Yields were recorded for 24 trays (3 of each variety), with one tray of each variety on a heat pad, and the other two subject to ambient greenhouse temperatures. After augmenting the treatments after winter, the two treatments became on- or off-heating pads.

The experiment was repeated every week for an entire year. Data collected included:  the time it takes for the microgreens to reach harvest maturity (first set of true leaves) and the weight of harvestable microgreens produced by each tray. In addition, environmental data (air/soil temperature, light, humidity) was recorded by a data logger and correlated with the harvest data.

Research results and discussion:

At first, conditions were difficult to control because of inconsistency in the soil mix we had available. Despite our efforts to control conditions within each treatment, low quality soil mix in June especially lowered all yields during a time when they could have been very high. Our first important observation is that consistent availability of affordable, high quality soil mix is imperative. We now have settled on using GreenTree’s AgBlend from Ithaca, NY which is a peat-light blend with coco, earthworm castings, and organic nutrients like greensand, bone char, sulfate of potash, vegetable protein such as peanut meal, and animal protein such as feather meal. Rapid nitrogen availability is important for high yielding microgreens. The nitrogen in many organic soil mixes is often not immediately available during the short 2 week growing period of microgreens, causing yellowing or low yields. We found bottom watering with our aquaponic water or other hydroponic solutions with more available nitrogen was very helpful.

The heating pads sometimes proved a barrier to success. While they certainly seemed to help boost early growth in the first few days after seeding, the benefit of the heat pads was difficult to quantify. The thermostat that came with the heat pads was unreliable, and the way it inserted it into one of the trays for monitoring did not work well. The knob for adjusting the heat was easily knocked by daily working activities. Often, heat pads would over-heat the microgreens soil trays and young germinated plants would dry out, overriding the benefit of the heating pads.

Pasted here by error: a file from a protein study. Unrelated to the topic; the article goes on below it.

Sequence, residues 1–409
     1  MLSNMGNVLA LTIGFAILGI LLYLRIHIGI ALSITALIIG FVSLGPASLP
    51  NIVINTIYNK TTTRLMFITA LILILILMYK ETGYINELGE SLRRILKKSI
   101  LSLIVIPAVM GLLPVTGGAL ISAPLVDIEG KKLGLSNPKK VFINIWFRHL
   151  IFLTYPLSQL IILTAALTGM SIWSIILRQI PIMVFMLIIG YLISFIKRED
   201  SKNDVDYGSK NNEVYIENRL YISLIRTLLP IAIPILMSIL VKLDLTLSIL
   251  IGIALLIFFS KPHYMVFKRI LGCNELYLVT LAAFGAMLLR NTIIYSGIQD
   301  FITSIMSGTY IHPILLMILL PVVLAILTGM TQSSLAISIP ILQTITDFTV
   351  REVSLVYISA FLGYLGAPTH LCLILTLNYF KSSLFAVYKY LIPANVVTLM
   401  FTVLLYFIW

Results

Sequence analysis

The other ongoing task throughout the season has been to adjust greenhouse conditions as the temperature, humidity, and amount of sun changes outside. Greenhouse doors are open or shut as humidity fluctuates. No extra lighting was used on the microgreen trays, so amount of the amount of light they received varied greatly.

One important adjustment that we made was the irrigation system. Watering by hand became extremely time-consuming once the greenhouse starting getting very warm all day in May, so we set up a hydroponic table that bottom-waters the trays, speeding up the irrigation process and keeping leaves dry (water on leaves encourages mold growth). Ventilation by fans is another very important component in the winter time when greenhouse doors are closed. Because of the aquaponics system especially, the air is very moist,the high humidity encouraged mold and caused crop failures in many trays. Another ongoing project on the farm this year will help facilitate installation of a biochar furnace in the greenhouse, making the air much dryer and potentially affecting microgreens production over the winter when it is running.

In order to correct for some of the variability in our experiment, including growth media quality, heat pad blunders, changing greenhouse conditions, and human error in growing all of these varieties successfully, we chose our highest recorded yield per tray of each variety in each month of the year. These ‘highest yields’ were used to analyze the success of each variety when grown correctly. Starting at the end of November, greenhouse ambient temperatures did not rise above 60F until March. This represents the time period when the colder hardy varieties play a larger role in the microgreens mix..

Our greatest takeaway from this experiment is that microgreens growing can be profitable in 3 seasons with minimal investment. Winter growing is certainly possible, but may require investment in more sophisticated infrastructure (such as heating pads), limiting the mix to only cold-hardy varieties, and the maintenance of reliable markets. In certain years and latitudes more sophisticated greenhouse structures and even supplemental lighting may be necessary to make microgreens a true four-season crop.

The following tables are a breakdown of fixed costs per tray and a summary of our greenhouse air temperature, crop yields, harvest periods, and profitability on a per tray basis. More detail regarding these numbers can be found in the attached data sheet (Microgreens Financial Data Summary) that goes into further detail with this information regarding each variety we tested.

 

# of Trays

40

             

Labor

 

Soil

 

Seed

 

Plastic Trays

   

$/hr

15

$/yd

180

$/lb

40

$/Tray